Until that encounter, neither had the least idea that each was aware of each other. A hurried exchange of email addresses in the wings sealed the friendship. Several subsequent meetings in Brazil and a regular exchange of emails and telephone calls allowed the new friends to make up for the years already lost. For two artists of such remarkable empathy, a recording project was the next natural step. Their first recorded collaboration was for Stacey’s 2013 album, The Changing Lights, which included Menescal’s timeless classic, O Barquinho and the Jim Tomlinson/Antonio Ladeira original, A Tarde, both with Roberto on guitar. Such was their musical empathy that further recordings were bound to follow. Having devoured the recordings of Julie London and Barney Kessell in his youth, Menescal had always harboured a wish to record an album of standards along those lines. For Menescal, meeting Stacey was the chance to realise that life’s ambition, and beyond this, to record that album with his favourite standards singer. For Kent, it was the chance to work with a musical idol a one of the founding fathers of a musical genre that had completely informed her musical aesthetic. With Stacey’s husband on saxophone and flute and Jeremy Brown on bass, this intimate collection of songs is something of a homecoming for both Stacey and Roberto. For Stacey, it is a return to the Great American Songbook and for Roberto, it is a return to the jazz roots that inspired that young guitarist in the heyday of the Bossa Nova years. Despite being separated by generations, continents, cultures and languages, this chance encounter in 2011 has resulted in some of the most distinctively focused and beautiful work of each of their careers. This album represents so much more than just the art of meeting. It is also truly the meeting of art.

Why listen to Stacey Kent rather than to Ella, say, or Billie or the other great singers from the swing era? A friend asked me this recently and my initial response was one of irritation. 'That's like asking: why Toni Morrison rather than Henry James? They're wonderful artists from different eras and it's daft choosing between them.' But I suppose my friend deserved a better answer. He was wondering, I'd guess, if a young contemporary artist of today could work authentically in a style of music that had had its heyday over half a century ago. Having thought further, I realise that for me it's partly the very fact of her being contemporary that makes Stacey special. My encounter with the first Stacey Kent album in 1997 was a revelation precisely because I was hearing reinterpreted - without any sense of pastiche - those great swing era songs in a voice at once steeped in tradition but somehow fresh and unmistakably that of an urbane woman of today. She, and her sublime small band, were revealing to me a hitherto unsuspected universality in those old songs. They were demonstrating how that treasure trove from the past could more than convincingly express the yearnings, hopes and broken dreams of men and women in today's confused, fragmented world. But maybe a simpler answer to my friend would have been that Stacey Kent is a singer to match the greats of the past, with an unusual power to hold your attention and control your emotions from the first note. Why? For one thing, Stacey's singing never lets us forget these songs are about people. Her protagonists come to life so fully in her voice you sometimes have to remind yourself the CD has no visuals. She has, in fact, much in common with today's finest screen actors who, assured of the camera's ability to pick out detail, portray complex shades of personality, motive and feeling through subtle adjustments of face and posture. Like them, Stacey has complete mastery of her tools, but hardly allows us to be aware of them. In song after song, we find a route to the emotional heart of the music without first having to admire her technique. It's been said that one of the most appealing qualities of Stacey's style is that it is 'conversational.' I'd go one step further. She conveys as well as any other singer I've heard the sense of a person talking to herself; the faltering hesitancies, the exuberant rushes of inner thought. There is invariably a lover being addressed, but in Stacey's readings that lover is never in the room. The lyric is what the singer wishes to say, or wishes she had said. We're witnessing a private moment. No surprise then to find on this latest album emotions being portrayed never in primary colours, but always subtly shaded. These thirteen Richard Rodgers songs move between the themes of love found and love lost. But it's never as straightforward as sunshine followed by dark despair. She may convey wonderfully the giddy intoxication of love, and yet she does sound, well, intoxicated - and vulnerable; like a sophisticate who's suddenly left herself open to naiveté. Then every three or four tracks - as though to confirm our fears - we discover her disappointed and let down, singing something like IT NEVER ENTERED MY MIND or EASY TO REMEMBER. But what's curious and unique in these exquisitely rendered ballads (and what makes her distinct from Billie Holiday, say, or that other fine singer of her generation, Diana Krall) is the absence of bitterness. What we get is someone going over the broken pieces of her life, trying to coax from somewhere a little courage and perspective. Here's a great jazz diva of our age.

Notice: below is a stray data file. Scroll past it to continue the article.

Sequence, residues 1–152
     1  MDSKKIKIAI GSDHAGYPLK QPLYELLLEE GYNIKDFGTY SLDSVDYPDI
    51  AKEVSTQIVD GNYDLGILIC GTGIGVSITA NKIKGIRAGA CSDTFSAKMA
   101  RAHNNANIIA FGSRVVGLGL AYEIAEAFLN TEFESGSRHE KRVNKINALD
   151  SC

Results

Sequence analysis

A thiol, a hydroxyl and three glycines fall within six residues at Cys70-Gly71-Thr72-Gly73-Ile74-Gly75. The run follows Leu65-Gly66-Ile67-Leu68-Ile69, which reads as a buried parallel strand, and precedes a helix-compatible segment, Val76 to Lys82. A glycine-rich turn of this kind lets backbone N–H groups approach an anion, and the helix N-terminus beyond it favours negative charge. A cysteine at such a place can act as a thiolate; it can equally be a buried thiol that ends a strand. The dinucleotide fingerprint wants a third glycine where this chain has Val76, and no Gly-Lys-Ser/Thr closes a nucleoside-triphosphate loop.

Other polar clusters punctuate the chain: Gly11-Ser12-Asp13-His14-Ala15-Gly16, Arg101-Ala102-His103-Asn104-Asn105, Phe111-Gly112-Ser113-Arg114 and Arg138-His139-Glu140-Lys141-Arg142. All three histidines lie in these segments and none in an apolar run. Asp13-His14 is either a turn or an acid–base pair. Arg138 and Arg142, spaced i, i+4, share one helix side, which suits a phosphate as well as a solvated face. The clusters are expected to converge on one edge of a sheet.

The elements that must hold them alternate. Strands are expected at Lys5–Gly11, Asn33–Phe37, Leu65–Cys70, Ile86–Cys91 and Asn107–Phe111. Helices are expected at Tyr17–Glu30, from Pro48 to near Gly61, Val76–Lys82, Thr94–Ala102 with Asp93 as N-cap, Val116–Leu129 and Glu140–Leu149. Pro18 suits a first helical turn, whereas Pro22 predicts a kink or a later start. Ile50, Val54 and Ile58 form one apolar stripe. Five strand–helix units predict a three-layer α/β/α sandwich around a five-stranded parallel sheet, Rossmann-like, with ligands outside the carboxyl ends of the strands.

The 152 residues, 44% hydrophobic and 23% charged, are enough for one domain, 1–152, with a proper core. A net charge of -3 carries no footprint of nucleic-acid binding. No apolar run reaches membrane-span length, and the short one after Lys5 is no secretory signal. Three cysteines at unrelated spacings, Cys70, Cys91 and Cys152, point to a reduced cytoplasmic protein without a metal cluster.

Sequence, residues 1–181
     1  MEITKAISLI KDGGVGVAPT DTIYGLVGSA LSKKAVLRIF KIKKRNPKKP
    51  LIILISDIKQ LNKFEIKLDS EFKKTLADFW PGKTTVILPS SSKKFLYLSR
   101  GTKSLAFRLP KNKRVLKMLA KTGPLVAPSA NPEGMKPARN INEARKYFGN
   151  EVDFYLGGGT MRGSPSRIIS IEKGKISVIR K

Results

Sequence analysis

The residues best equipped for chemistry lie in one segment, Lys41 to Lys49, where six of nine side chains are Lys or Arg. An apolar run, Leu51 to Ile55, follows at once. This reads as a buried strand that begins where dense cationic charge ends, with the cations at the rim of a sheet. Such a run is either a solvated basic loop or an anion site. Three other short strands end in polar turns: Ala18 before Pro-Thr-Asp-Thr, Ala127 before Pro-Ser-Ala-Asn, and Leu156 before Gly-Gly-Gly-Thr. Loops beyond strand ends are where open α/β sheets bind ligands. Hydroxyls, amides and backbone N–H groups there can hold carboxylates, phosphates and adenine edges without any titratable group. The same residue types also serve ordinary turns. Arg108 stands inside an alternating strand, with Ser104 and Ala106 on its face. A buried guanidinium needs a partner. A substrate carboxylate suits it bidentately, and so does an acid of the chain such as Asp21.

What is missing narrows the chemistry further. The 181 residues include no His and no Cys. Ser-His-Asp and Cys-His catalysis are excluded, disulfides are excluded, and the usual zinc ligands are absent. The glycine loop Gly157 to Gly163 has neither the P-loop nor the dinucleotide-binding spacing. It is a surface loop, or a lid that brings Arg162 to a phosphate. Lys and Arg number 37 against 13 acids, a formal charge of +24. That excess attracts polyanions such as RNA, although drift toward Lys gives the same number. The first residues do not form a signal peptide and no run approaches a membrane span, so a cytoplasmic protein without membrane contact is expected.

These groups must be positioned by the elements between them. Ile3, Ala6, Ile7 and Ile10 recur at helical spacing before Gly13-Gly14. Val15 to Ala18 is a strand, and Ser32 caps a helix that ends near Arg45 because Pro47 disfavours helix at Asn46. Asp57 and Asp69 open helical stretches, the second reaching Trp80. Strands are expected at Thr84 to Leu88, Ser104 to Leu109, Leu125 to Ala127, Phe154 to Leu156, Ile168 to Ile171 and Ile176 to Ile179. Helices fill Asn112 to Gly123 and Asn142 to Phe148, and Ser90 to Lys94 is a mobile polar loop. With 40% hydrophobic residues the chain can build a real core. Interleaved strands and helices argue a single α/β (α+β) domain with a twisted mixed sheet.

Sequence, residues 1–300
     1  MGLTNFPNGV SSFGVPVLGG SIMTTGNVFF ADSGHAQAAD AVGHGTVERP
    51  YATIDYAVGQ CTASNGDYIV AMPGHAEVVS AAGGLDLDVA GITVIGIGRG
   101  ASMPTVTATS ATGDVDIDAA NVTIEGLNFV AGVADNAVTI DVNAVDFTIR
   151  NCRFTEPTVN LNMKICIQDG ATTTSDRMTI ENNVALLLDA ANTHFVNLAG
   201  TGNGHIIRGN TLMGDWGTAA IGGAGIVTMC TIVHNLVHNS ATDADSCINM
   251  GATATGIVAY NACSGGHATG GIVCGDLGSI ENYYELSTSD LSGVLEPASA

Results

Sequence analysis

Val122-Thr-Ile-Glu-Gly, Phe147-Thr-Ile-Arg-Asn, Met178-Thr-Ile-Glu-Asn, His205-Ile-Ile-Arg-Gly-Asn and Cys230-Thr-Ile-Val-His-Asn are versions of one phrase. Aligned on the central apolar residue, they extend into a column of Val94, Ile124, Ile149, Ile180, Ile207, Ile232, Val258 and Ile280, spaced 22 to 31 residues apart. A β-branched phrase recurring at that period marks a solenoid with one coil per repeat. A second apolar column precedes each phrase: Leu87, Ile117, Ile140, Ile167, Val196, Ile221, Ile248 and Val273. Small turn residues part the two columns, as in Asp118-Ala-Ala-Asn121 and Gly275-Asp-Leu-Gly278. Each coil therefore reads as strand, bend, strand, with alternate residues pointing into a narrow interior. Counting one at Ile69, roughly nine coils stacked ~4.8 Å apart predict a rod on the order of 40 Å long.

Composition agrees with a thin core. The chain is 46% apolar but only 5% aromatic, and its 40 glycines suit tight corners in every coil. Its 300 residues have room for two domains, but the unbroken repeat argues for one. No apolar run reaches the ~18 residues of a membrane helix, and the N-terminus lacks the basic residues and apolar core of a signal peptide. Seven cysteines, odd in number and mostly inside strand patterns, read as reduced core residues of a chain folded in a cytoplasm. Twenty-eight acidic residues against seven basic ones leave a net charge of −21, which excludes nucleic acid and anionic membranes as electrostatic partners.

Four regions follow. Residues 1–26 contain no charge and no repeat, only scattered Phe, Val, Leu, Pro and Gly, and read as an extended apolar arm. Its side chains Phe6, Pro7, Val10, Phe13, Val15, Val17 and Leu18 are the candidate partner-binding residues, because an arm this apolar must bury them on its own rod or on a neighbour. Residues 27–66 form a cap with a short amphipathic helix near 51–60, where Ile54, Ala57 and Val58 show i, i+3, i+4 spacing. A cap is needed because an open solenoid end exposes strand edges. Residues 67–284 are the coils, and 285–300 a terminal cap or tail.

Kazuo Ishiguro, Author, July 2002